The UK hedgehog
It all started with The Times Christmas Charity Appeal to support the British Hedgehog Preservation Society by engaging with the garden-owners who are often unwitting custodians of the hedgehogs’ ecosystem. Having read the article and looked into the matter further, our Managing Director Rob Boughton (Rob) brought the plight of the nation’s much loved species the hedgehog to Thakeham’s attention, with some immediate calls to action.
As the MD of Thakeham, a developer and housebuilder based in West Sussex and operating within the area and throughout Surrey and Hampshire, the campaign struck a chord as he understood the impact Thakeham could have on the habitat of the hedgehog. Rob took action at once, forwarding the article to everyone at Thakeham to raise awareness and to communicate his plan to support the hedgehog in its natural environment. He made contact with Oliver Colvile, Conservative MP for Plymouth Sutton and Devonport who recently released a petition to give the hedgehog better legal protection in order to reverse its decline, to guarantee Thakeham’s commitment to doing what it can to help. You can read more about Oliver Colvile’s campaign here
Making a difference
It is often the simple things that make a big difference; if enough of us get involved we can make that difference. Thakeham has committed to ensuring that the garden fences we put in place as part of our new homes developments have hedgehog holes or “doors”, which allow the hedgehog to pass freely between gardens and other areas. It surprised us to understand that hedgehogs can roam an area the size of an 18-hole golf course in one night. When fences suddenly appear in the middle of a hedgehog’s territory, it cuts off a vast area of foraging ground, which is why these simple holes are so important.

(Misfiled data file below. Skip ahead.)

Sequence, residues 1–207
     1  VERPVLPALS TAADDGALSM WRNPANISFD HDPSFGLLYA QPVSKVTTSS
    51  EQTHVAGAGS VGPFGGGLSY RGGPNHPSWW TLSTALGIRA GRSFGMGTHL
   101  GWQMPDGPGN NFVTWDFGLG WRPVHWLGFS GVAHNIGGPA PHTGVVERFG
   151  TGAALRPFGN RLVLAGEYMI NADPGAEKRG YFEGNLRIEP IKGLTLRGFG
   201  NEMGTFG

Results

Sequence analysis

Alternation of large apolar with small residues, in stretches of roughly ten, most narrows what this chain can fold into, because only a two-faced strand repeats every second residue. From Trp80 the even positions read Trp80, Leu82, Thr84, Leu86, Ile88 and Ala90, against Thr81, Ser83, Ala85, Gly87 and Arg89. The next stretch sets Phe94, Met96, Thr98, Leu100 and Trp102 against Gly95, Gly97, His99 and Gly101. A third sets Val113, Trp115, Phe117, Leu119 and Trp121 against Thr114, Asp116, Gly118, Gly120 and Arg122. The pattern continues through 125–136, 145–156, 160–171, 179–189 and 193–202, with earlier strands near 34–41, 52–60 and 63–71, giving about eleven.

We have also pledged to build hedgehog hotels in suitable future developments. Where possible, hedgehogs will live under sheds, log or leaf piles and compost heaps but a well-placed “hibernacula” can provide good shelter in winter as well as a safe place to nest in the spring. You can find instructions for building a hedgehog hotel on Hedgehog Street’s website – click here
UK hedgehogs in decline
The People’s Trust for Endangered Species (PTES) believes there are now fewer than a million hedgehogs remaining in the UK, down from two million in the mid-Nineties and 36 million in the Fifties – it is time we all try to do something about this, before it is too late for the well-loved native species.
As Philip Larkin said, “We should be careful of each other while there is still time.”
Ensuring a positive future for the hedgehog
We hope that Thakeham’s actions will help to raise awareness for the UK hedgehog and demonstrate how small efforts can ensure this prickly friend is here for our children, grandchildren and future generations to enjoy. After all, this distant relative of the shrew has changed little in the past 15 million years, it would be a shame to see the back of his prickly back!
If you would like to find out more information, the national project called Hedgehog Street, backed by the British Hedgehog Preservation Society, is a great place to start. You can visit the website here
The British Hedgehog Preservation Society (BHPS) is a registered UK Charity dedicated to helping & protecting hedgehogs native to the UK.
Hedgehog Street is a campaign aimed at ensuring the hedgehog, the UK’s only spiny mammal, remains a common and familiar part of British life. We know hedgehogs are in trouble. We’ve lost a third of all our hedgehogs in ten years.
The People’s Trust for Endangered Species (PTES) believes there are now fewer than a million hedgehogs remaining in the UK, down from two million in the mid-Nineties and 36 million in the Fifties.
We need to save our prickly friends click here
Hedgehogs may become extinct within 15 years click here
BBC News – MP Oliver Colvile calls for hedgehog as UK symbol click here
Save the Hedgehog Petition Launched! | Oliver Colvile click here
Spot the hedgehog and save it click here
The prickly problem of Britain’s disappearing hedgehogs click here